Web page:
The alternative, to encircle the Reich, would be to sit on the safety valve, and would produce the usual consequences of such a procedure. War with Hitler Germany may indeed be ultimately, forced on Britain, but will by no means be deliberately sought by Chamberlain through encirclement.

British policy has therefore by no means been re-oriented, no new chapter in diplomatic history has been opened by the “guarantees” offered to Poland and Roumania. British monopoly capitalism still remains the judge of whether Germany’s next move constitutes a mere frontier incident or an attempt to “dominate the world by force.” If it facilitates Hitler’s drive into the Ukraine, it will undoubtedly be dismissed as a minor incident, a small price to pay for “peace.” But if it threatens the position of Britain in the eastern Mediterranean and the Near East by facilitating a joint German-Italian conquest of Balkan resources the moral indignation of Chamberlain’s masters will again know no bounds, and, what is far more to the point, this time they will be prepared to take military action.

The placing of the Territorials on a virtual war footing by the huge increases in their number and corresponding equipment, the acceleration of war preparations generally in Britain are accompanied by the drawing together of the politicians of capitalism in “national unity.” The present foreign policy of’ British imperialism meets with complete support from the parliamentary representatives of Labour who criticise, not its purposes, but its spokesmen. Labour stands ready to lead the working class into war or to hold them back when Hitler attacks the Soviet Union, as the case may be.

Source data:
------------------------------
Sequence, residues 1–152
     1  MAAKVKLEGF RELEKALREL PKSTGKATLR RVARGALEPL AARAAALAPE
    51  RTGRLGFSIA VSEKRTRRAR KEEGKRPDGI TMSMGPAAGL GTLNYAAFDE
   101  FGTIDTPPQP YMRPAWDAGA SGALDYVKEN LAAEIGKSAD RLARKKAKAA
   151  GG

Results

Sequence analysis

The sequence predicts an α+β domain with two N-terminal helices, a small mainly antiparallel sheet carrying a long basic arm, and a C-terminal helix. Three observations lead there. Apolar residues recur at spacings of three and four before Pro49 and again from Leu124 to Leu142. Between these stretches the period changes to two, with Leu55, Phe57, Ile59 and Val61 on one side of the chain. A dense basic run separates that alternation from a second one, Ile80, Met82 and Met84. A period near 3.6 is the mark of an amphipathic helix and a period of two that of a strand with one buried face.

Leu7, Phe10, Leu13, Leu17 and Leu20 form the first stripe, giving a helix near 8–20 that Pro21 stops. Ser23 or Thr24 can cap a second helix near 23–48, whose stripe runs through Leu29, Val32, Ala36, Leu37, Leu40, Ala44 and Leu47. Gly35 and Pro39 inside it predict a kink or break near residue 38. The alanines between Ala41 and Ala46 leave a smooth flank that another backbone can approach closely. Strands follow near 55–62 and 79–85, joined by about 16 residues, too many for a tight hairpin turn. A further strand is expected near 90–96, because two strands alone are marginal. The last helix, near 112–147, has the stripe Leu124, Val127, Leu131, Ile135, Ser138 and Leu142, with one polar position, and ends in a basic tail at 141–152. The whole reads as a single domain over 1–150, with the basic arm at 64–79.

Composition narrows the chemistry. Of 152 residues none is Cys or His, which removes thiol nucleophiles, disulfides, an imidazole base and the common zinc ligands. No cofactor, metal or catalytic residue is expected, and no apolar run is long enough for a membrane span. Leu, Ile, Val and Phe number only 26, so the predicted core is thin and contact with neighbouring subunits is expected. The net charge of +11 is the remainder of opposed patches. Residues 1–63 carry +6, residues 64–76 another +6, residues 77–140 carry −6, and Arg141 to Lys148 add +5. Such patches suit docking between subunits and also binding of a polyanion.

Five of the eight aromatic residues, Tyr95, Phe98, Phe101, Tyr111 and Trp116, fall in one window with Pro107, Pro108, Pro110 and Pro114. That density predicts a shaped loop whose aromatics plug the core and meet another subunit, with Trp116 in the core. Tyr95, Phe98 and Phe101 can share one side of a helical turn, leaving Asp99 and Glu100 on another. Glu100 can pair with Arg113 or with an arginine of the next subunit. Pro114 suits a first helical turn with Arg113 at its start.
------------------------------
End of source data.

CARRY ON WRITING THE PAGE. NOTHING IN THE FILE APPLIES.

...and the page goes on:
The Communist Party has been torn with uncertainty since the crisis of last September. Dimitrov’s article in Pravda of November 7th, 1939, struck the keynote of Communist policy in attempting to speak in two tongues at once. The phraseology of “peace-loving democracies” threatened by “aggressive fascism” was placed side by side with a revival of-former phraseology denouncing imperialist war. From the two sets of phrases flow two different lines of action, for if a war between Germany and Britain is to be accepted by the working class of Britain as an attack by German fascism on “peace-loving British democracy” the conclusion is that the workers must take up arms on Britain’s side in that war. But if it is to be represented as it really is, an imperialist war for the redivision of the world, the Leninist conclusion must be drawn of preparing the defeat of their own ruling class, British imperialism. Thus in one breath Dimitrov speaks for and against support for the “democracies” in the coming war.

This combination of conflicting lines and their corresponding phraseology is by no means the product of confused thinking on the part of the Kremlin spokesmen. It is a deliberate attempt to move to an intermediate position in readiness for the outcome of the uncertainties that arose after Munich. Stalin’s speech of last month further emphasises the uncertainty of Soviet foreign policy and his readiness to strike a bargain with Hitler. The working class movement is cynically subordinated to the needs of Kremlin foreign policy, for which the national Communist Parties are mere instruments.

The life interests of the workers are threatened not only by capitalist policy but by the treachery of the leadership of the working class parties.

The only path to the ending of wars, the defence of the Soviet Union and the smashing not only of fascism in Germany, Italy and Spain, but the threat of fascism in Britain, France and America lies in the overthrow of world capitalism.